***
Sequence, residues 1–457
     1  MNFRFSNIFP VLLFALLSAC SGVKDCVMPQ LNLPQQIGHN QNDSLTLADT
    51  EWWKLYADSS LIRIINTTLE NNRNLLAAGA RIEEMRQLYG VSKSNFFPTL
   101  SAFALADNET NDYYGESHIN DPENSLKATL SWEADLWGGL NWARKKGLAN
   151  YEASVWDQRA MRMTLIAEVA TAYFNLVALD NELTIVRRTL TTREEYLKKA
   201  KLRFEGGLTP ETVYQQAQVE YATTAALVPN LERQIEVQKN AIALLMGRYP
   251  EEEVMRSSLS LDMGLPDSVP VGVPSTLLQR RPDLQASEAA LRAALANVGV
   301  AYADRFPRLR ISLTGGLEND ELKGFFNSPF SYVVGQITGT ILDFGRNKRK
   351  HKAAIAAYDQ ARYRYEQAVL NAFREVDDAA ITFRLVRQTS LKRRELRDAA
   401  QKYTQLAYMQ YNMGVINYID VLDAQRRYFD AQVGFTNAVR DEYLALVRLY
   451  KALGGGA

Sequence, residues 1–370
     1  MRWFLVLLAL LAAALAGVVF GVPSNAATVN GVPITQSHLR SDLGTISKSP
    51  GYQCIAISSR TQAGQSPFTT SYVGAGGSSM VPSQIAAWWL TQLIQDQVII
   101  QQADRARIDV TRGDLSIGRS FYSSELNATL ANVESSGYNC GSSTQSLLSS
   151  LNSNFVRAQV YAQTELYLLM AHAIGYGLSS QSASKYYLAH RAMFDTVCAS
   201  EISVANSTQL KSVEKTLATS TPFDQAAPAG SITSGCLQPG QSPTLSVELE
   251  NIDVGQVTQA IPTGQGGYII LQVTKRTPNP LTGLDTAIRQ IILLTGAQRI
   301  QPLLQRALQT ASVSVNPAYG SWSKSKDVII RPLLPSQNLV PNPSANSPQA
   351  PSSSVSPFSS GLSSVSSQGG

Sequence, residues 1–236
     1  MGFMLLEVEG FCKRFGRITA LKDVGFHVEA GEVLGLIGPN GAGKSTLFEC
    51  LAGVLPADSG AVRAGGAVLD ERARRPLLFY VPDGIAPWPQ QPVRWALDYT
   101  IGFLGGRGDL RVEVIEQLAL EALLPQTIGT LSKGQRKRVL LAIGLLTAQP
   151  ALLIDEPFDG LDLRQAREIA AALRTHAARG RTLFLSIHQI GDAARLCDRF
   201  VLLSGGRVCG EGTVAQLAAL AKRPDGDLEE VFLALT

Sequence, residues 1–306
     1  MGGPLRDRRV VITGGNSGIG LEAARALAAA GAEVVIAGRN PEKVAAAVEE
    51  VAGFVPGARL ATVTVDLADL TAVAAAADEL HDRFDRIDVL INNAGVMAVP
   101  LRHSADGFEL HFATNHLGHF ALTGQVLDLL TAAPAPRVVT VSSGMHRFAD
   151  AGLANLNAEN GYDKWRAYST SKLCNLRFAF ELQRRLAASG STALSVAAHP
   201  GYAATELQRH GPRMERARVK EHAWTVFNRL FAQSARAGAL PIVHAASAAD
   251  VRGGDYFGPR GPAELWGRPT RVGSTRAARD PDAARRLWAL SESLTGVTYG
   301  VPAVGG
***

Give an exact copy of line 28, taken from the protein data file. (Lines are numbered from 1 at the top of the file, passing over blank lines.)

     1  MGGPLRDRRV VITGGNSGIG LEAARALAAA GAEVVIAGRN PEKVAAAVEE